Faith vs Fear

Faith vs Fear

Monday, January 31, 2011

Words Matter

With all the focus lately on the need for civility going on in the national dialogue, I've been thinking about the power of words. Pundits from both sides claim that violent metaphors used to describe political and social conflict don't really matter because "they are just words." It reminds me of the old childhood rhyme: "Sticks and stones may break my bones, but names will never hurt me." But words do matter, and names can hurt. Words are what we use to convey thoughts, ideas, and emotions. What we say to others can build them up or destroy them. Elisa Brinton, a young writer I interviewed last summer put it this way: "It has often been said that the pen in mightier than the sword, and that’s very true. You can change the world with words. For example, the Declaration of Independence was just words, but look what it led to."

I like the words to the hymn "Let Us Oft Speak Kind Words to Another":

Let us oft speak kind words to each other
At home or where'er we may be;
Like the warblings of birds on the heather,
The tones will be welcome and free.
They'll gladden the heart that's repining,
Give courage and  hope from above,
And where the dark clouds hide the shining,
Let in the bright sunlight of love."

Hymns, 232

Or in the immortal words of John Lennon:
"You say you've got a real solution
Well, you know
We'd all love to see the plan
You ask me for a contribution
Well, you know
We are doing what we can
But if you want money for people with minds that hate
All I can tell is, brother, you'll have to wait."

And what we say to ourselves also matters; it influences our feelings of self-worth. For instance, when I get discouraged and down on myself, my whole attitude suffers. But when I say to myself, "I can get through this crisis," I feel confidence returning, and I can work through my problems better.

One of the recent threads at Spouses of Bipolar in an Active Relationship was on the subject of what we love about our spouses. It was a great exercise to list some of the things that I appreciate about David, and helps me keep things in perspective, especially when he's being cross. Here is my list:
* Hard-working.
* Creative and innovative, especially around the house or when he wants to try cooking something. It can be a bad thing, but he's come up with good things, too.
* Honest and sincere.
* Adventurous; we love going on short drives and taking off down unexplored and sometimes little-travelled roads.
* Funny.
* Really good with children. I love watching him interact with our grandchildren as well as children in our ward and neighborhood.
* Plain-spoken; says what he thinks.
* Caring, especially to those who are older and need help.
* Takes his disorder seriously; works hard to manage it.
* Muscular (all those workout sessions at the gym).
* Quiet; he knows the value of companionable silence.
* Willingly helps around the house, doing dishes, laundry, etc.

David's moods have been reasonably steady, but the cold, overcast weather is taking a toll on his spirits. I think that one of the reasons he gets depressed is that he doesn't have enough to do. He really needs a part-time job, but we're having trouble lining one up, and he's having a hard time motivating himself to really look. He also still doesn't sleep enough. His dr. prescribed another sleeping pill for him so we'll see if that will help him get some more rest.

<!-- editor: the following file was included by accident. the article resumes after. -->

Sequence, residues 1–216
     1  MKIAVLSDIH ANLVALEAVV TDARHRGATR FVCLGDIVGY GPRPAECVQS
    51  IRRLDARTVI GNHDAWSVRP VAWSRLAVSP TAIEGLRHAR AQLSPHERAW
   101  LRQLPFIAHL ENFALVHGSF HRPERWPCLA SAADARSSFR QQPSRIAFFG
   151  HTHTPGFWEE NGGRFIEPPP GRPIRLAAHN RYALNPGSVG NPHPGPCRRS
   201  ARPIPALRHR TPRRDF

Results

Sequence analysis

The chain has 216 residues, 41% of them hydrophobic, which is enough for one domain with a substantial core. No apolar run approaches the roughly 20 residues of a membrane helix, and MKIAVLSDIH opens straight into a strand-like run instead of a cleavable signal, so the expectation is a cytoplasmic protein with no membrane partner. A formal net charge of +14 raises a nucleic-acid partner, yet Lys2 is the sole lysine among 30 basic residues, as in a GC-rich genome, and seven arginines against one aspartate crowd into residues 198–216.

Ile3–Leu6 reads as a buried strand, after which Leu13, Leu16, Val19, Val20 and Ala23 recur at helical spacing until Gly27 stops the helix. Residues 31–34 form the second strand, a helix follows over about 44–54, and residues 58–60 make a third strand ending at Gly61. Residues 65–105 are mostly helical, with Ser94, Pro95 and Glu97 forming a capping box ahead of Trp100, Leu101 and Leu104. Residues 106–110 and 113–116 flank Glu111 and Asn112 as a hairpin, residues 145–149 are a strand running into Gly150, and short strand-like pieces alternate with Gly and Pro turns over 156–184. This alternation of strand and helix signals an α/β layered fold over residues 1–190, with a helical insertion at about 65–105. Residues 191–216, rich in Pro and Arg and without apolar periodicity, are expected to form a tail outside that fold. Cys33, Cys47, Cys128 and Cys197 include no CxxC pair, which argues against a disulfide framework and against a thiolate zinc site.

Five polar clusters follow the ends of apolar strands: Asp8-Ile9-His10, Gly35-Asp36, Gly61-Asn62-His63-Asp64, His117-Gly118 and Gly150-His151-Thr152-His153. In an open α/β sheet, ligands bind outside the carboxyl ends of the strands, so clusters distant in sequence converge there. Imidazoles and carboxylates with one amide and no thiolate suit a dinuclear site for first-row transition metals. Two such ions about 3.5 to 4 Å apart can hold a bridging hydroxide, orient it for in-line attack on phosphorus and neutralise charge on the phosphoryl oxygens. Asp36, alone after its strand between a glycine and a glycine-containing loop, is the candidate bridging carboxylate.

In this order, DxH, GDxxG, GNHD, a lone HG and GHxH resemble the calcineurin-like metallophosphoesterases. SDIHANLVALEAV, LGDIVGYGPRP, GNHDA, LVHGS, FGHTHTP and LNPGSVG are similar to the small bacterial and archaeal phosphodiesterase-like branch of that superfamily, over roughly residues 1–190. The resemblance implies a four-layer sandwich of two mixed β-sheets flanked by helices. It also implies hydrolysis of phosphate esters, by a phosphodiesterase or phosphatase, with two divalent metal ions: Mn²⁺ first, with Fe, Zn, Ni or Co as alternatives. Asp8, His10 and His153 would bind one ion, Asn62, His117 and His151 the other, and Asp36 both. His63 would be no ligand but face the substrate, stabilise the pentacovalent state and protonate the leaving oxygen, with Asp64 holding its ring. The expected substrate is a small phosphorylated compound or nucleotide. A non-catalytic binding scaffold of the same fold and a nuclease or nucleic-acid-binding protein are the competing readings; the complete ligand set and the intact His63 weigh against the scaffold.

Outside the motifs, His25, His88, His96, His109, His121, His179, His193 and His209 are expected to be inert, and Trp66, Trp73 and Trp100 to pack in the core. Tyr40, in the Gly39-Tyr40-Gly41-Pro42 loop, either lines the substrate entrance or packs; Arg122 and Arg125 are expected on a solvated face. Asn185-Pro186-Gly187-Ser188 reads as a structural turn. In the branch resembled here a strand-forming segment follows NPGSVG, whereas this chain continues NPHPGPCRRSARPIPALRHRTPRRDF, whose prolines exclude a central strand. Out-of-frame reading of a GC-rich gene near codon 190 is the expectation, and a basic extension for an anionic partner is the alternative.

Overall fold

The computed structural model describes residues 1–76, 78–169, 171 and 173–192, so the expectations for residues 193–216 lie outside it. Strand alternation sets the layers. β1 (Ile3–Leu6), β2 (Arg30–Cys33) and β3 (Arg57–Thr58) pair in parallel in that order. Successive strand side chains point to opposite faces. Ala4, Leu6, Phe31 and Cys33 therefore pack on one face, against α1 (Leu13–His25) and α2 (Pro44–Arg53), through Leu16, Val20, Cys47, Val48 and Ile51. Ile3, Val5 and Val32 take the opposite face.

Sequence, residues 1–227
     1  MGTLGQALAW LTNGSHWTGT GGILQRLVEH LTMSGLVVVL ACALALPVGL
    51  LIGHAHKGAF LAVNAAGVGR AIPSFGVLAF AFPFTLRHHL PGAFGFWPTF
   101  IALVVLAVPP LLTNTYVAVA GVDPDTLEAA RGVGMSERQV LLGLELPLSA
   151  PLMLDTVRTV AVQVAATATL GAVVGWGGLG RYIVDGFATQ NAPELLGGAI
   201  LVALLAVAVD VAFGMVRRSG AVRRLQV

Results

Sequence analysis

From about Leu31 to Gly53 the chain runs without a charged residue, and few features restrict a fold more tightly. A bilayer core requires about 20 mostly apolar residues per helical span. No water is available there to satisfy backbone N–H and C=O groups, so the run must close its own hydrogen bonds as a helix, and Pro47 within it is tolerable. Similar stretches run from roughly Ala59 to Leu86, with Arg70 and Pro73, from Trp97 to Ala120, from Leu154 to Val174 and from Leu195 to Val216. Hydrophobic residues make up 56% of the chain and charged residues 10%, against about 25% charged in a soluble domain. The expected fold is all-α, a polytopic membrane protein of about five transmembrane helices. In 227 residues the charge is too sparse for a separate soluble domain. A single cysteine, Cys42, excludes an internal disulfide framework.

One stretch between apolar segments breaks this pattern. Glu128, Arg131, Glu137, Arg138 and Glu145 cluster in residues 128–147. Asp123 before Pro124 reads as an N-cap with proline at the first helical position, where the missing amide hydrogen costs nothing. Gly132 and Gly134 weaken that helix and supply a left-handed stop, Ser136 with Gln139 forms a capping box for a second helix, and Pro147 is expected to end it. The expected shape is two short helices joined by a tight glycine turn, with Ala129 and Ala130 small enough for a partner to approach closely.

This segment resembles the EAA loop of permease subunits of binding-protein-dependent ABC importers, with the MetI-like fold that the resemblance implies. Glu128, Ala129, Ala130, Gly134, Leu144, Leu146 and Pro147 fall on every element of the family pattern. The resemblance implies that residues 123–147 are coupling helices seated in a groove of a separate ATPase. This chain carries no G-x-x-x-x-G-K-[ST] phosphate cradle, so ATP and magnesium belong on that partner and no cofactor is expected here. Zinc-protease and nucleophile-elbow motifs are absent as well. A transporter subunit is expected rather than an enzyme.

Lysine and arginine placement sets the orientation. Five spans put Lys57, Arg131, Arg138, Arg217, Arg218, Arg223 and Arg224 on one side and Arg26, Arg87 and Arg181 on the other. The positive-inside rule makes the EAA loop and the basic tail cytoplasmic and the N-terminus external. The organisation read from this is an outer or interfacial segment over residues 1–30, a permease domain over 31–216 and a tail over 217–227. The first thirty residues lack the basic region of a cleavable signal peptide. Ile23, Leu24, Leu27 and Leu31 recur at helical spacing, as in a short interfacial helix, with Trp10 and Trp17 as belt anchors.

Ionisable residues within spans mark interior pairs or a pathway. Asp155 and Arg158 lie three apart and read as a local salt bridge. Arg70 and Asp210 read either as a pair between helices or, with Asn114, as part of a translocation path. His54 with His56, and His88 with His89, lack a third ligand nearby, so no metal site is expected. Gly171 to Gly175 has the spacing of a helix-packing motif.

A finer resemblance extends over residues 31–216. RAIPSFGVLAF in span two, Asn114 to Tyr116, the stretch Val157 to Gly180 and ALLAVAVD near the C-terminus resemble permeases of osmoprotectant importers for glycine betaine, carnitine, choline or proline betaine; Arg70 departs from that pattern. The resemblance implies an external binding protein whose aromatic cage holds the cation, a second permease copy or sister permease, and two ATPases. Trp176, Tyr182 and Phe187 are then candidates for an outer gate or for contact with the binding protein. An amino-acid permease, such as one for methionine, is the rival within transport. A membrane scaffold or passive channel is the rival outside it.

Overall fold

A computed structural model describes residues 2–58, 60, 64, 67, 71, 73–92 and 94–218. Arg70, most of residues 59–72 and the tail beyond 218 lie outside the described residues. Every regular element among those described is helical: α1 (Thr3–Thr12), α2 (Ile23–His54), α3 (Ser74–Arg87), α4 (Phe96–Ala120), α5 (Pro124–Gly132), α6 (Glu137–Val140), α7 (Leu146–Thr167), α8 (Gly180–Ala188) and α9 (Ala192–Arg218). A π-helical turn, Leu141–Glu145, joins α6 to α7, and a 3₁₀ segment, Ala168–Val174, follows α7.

The weather gets me down, too. I'm looking forward to the return of warmer weather. A recent highlight: I saw the layout for the story I wrote on leadership for the magazine. I'm excited to see it in print in another few months. That's what I love about my job: getting to work with words!


  1. Words do matter. The violent rhetoric that comes from some TV news stations is horrible. The hate speech, and the frequent usages of words pertaining to violence like "targeting" really bothers me. I am greatly offended by the many demeaning terms used to refer to women. "Bitch" is often used if a woman is assertive. And "crazy", "psycho", "schizo" and the like serve to further the stigma that enshrouds mental illness and prevent people from seeking help or from disclosing their illness to others. I think people need to consider their words more carefully before they use them and think about the effects those words can have on others. I'm sure your husband would be pleased to see all those kind words you used to describe him.

    This is my first visit to your blog, and I really like it. I also write a blog about mental illness, though I am the consumer. I hope you will stop by it sometime.

  2. Welcome, Jen! I'm glad you like it. I stopped by yours yesterday; very nice!
    I think you said it well here about hate speech. I know it's not pc, but I really don't think hate speech was what the founding fathers had in mind when they put the right to free speech in the Constitution.
    And so true about demeaning words for women as well as mental illness.


Welcome! I'm so glad you dropped by. I'm always happy to hear what you have to say.